Building
Status
Completed
Architecturally Topped Out
Structurally Topped Out
Under Construction
Proposed
On Hold
Never Completed
Vision
Competition Entry
Canceled
Proposed Renovation
Under Renovation
Renovated
Under Demolition
Demolished
Completed, 2015
Country

The CTBUH follows the United Nations's definition of Country, and thus uses the lists and codes established by that organization.

City

The CTBUH follows the United Nations's definition of City, and thus uses the lists and codes established by that organization.

Postal Code
579827
Function

A single-function tall building is defined as one where 85% or more of its usable floor area is dedicated to a single usage. Thus a building with 90% office floor area would be said to be an "office" building, irrespective of other minor functions it may also contain.

A mixed-use tall building contains two or more functions (or uses), where each of the functions occupy a significant proportion of the tower's total space. Support areas such as car parks and mechanical plant space do not constitute mixed-use functions. Functions are denoted on CTBUH "Tallest Building" lists in descending order, e.g., "hotel/office" indicates hotel function above office function.

residential
Structural Material

Steel
Both the main vertical/lateral structural elements and the floor spanning systems are constructed from steel. Note that a building of steel construction with a floor system of concrete planks or concrete slab on top of steel beams is still considered a “steel” structure as the concrete elements are not acting as the primary structure.

Reinforced Concrete
Both the main vertical/lateral structural elements and the floor spanning systems are constructed from concrete which has been cast in place and utilizes steel reinforcement bars.

Precast Concrete
Both the main vertical/lateral structural elements and the floor spanning system are constructed from steel reinforced concrete which has been precast as individual components and assembled together on-site.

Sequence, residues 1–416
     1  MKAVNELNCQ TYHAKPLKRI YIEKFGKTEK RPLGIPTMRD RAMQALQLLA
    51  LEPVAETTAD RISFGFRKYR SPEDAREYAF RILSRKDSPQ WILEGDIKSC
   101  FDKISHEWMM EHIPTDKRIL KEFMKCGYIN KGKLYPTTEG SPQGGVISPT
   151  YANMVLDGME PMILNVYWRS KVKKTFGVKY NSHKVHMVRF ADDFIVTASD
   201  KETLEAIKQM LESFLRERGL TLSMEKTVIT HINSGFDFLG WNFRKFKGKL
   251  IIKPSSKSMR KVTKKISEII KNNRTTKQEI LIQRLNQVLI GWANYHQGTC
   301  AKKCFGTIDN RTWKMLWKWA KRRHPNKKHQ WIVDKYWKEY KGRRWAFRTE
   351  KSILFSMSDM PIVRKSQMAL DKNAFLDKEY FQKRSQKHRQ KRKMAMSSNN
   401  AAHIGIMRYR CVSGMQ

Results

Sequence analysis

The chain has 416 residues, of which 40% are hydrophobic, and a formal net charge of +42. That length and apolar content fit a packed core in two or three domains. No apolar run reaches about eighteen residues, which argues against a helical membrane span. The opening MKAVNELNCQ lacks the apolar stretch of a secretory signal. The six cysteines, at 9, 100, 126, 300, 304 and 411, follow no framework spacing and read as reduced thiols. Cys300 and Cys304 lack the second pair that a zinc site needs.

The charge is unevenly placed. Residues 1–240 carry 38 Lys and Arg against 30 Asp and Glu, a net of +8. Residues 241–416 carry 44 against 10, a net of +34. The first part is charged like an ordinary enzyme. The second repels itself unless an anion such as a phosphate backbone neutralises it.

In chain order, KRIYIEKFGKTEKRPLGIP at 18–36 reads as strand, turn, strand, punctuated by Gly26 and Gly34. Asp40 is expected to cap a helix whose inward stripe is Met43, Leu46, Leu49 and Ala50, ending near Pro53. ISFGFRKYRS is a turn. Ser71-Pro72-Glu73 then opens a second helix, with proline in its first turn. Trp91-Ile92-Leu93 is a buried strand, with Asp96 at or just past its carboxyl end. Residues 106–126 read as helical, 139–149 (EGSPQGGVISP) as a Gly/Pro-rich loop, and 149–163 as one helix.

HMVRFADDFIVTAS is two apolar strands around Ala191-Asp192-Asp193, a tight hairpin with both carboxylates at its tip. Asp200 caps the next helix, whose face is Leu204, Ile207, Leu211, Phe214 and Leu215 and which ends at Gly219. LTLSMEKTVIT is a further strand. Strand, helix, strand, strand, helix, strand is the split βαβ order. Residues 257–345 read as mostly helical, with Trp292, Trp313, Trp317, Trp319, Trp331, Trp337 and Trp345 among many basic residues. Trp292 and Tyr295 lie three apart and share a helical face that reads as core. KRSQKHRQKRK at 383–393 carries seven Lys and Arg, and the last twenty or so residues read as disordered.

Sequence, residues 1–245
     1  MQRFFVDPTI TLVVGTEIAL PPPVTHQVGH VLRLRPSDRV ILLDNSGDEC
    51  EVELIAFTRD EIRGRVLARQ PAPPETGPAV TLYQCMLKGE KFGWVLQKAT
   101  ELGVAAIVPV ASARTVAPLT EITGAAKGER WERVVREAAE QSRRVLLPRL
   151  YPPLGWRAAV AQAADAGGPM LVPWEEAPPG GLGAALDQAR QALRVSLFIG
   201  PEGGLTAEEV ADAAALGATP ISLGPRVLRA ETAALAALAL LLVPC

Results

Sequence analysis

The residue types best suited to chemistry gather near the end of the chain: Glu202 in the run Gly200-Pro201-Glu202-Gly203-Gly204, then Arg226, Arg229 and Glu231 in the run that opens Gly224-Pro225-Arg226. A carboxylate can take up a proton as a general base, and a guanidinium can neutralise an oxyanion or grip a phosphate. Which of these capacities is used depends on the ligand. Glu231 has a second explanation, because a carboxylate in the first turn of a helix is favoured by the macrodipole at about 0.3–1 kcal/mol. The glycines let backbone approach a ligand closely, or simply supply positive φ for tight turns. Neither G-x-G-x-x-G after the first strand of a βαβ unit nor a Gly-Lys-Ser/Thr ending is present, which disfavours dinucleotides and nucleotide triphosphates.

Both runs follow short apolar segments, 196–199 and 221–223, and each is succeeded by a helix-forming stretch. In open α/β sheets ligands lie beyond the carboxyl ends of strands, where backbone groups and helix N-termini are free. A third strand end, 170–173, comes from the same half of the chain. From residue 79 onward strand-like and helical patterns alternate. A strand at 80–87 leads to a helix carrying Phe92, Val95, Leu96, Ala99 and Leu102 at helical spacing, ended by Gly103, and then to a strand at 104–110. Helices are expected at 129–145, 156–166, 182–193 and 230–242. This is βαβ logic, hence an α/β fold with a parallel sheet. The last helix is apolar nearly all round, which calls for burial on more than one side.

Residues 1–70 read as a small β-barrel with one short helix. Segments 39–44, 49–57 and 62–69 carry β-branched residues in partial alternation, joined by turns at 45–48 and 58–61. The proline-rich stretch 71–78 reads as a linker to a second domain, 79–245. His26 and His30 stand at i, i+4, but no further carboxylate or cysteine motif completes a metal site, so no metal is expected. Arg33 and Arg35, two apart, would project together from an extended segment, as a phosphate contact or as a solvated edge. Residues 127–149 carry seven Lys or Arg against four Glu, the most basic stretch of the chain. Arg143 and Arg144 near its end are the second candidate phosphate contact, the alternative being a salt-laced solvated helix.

Mixed-Structure
Utilizes distinct systems (e.g. steel, concrete, timber), one on top of the other. For example, a steel/concrete indicates a steel structural system located on top of a concrete structural system, with the opposite true of concrete/steel.

Composite
A combination of materials (e.g. steel, concrete, timber) are used together in the main structural elements. Examples include buildings which utilize: steel columns with a floor system of reinforced concrete beams; a steel frame system with a concrete core; concrete-encased steel columns; concrete-filled steel tubes; etc. Where known, the CTBUH database breaks out the materials used in a composite building’s core, columns, and floor spanning separately.

concrete
BCA Green Mark Gold<sup>Plus</sup>
Official Website
Height

Height is measured from the level of the lowest, significant, open-air, pedestrian entrance to the architectural top of the building, including spires, but not including antennae, signage, flag poles or other functional-technical equipment. This measurement is the most widely utilized and is employed to define the Council on Tall Buildings and Urban Habitat (CTBUH) rankings of the "World's Tallest Buildings."

Architectural
130.85 m / 429 ft
To Tip
130.85 m / 429 ft
Occupied
122.25 m / 401 ft
Floors Above Ground